The new 'Mad Men'? 1960s workplace drama arrives on Amazon
Meet actress Odelya Halevi, who plays Talia in the new series 'Good Girls Revolt.'
Gal Gadot may be the most famous actress from the small Israeli town of Rosh Ha’ayin, but she’s not the only one. Odelya Halevi, who grew up in the same neighborhood as Gadot, is in the buzzed-about new series “Good Girls Revolt,” which begins streaming Oct. 28 on Amazon.
Critics who have received a sneak peek of the series are already comparing it to the 1960s workplace drama "Mad Men," but with a bit of a feminist twist.
The series is loosely based on the book “Good Girls Revolt: How the Women of Newsweek Sued Their Bosses and Changed the Workplace,” which charts the early career of Nora Ephron and other young female reporters at the time. The TV show follows a group of women magazine researchers who launched a workplace rebellion in 1969.
Halevi plays Talia, the wife of the editor (played by actor Chris Diamantopoulos), whose workaholic habits are causing problems in their marriage. “They’re the perfect-looking couple, perfect kids. Everything is great – on the outside.”
“Talia is very intelligent, grew up all over the world. She’s a very strong woman and it was amazing to play her,” says Halevi, a second-generation Israeli.
When she was cast in the role, she researched the period in which the story takes place. She “read all about the revolution, how women fought for their voice to be heard,” and talked to her mother about relationships at the time. “A lot of women who had trouble in their marriages didn’t get divorced.”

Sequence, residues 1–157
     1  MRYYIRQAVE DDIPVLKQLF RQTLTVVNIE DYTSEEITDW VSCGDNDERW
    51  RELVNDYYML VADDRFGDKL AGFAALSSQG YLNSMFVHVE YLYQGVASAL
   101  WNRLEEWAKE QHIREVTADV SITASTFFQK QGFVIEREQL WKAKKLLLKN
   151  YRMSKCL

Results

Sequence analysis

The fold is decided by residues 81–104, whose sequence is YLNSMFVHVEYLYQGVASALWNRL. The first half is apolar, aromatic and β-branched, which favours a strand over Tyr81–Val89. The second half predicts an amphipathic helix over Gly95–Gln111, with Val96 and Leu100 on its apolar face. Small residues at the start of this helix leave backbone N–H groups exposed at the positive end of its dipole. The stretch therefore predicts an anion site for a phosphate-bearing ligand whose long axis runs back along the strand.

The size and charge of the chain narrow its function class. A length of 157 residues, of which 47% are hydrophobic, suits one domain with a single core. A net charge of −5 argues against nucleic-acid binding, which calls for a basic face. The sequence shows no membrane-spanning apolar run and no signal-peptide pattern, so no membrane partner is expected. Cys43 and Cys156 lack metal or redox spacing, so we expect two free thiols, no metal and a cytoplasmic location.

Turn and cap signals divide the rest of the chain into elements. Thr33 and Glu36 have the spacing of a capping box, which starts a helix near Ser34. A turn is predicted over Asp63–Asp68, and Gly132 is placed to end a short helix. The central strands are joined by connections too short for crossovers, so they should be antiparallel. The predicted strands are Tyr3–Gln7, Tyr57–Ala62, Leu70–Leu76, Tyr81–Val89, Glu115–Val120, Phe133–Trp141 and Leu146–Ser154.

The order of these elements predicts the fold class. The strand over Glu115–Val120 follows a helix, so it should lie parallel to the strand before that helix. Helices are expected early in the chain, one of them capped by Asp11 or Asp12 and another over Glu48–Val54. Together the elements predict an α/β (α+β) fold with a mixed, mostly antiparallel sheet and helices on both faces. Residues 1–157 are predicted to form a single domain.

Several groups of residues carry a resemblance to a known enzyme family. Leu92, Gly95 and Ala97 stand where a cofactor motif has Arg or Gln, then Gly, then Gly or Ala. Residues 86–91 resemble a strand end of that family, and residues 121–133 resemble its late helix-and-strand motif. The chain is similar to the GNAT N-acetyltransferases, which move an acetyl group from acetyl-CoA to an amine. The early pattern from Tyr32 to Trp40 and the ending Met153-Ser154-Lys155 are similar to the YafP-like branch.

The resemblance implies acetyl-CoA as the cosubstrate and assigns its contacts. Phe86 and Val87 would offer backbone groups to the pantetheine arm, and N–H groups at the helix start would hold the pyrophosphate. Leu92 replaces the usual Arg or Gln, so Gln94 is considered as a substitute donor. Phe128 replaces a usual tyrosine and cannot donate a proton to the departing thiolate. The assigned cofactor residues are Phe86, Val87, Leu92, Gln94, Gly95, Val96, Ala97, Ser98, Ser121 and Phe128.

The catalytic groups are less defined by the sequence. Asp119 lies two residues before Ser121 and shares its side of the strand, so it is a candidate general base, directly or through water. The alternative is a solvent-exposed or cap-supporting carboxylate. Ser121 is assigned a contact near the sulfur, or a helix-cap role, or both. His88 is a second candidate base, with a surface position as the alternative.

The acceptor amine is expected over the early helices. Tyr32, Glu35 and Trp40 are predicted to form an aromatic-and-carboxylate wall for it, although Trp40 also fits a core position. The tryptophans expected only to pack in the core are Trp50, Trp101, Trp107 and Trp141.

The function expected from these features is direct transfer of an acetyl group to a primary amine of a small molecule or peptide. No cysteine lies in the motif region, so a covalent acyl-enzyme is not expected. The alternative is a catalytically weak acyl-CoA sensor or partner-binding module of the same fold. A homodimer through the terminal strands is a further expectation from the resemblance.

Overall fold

Halevi relished the chance to dress in the series’ late ‘60s styles. "I love the fashion. I adore the fabrics," she says.
The daughter of a retired firefighter and a teacher, the second oldest of six children, Halevi doesn't recall a time when she didn’t want to be an actor, she says, remembering writing and directing plays she’d perform for her family. When she was 19, she went to Los Angeles to visit, and was determined to return because “Something told me that my success was there. I felt it in my bones.”
She returned the next year on a working visa, and took a restaurant job while taking acting classes. After she got her green card and signed with a commercials agent, she booked a few commercials for companies like Old Navy and OnStar. She got a theatrical agent, a manager, and landed roles on the sitcoms “Mike & Molly” and “New Girl.”
Now, besides “Good Girls Revolt,” Halevi has a role in “Ice,” about the diamond business, for AT&T and DirecTV, premiering Nov. 16, a guest spot on “NCIS” on Nov. 22, and another in “Midnight, Texas,” an NBC midseason series.
Halevi would also love to work more in Israel, where she returns several times a year to visit her family. “There’s a vibe there that doesn’t exist anywhere else in the world. You grow up with values. I feel connected to the ground. I love and appreciate everything I have here in America,” she says. “But my heart is there.”
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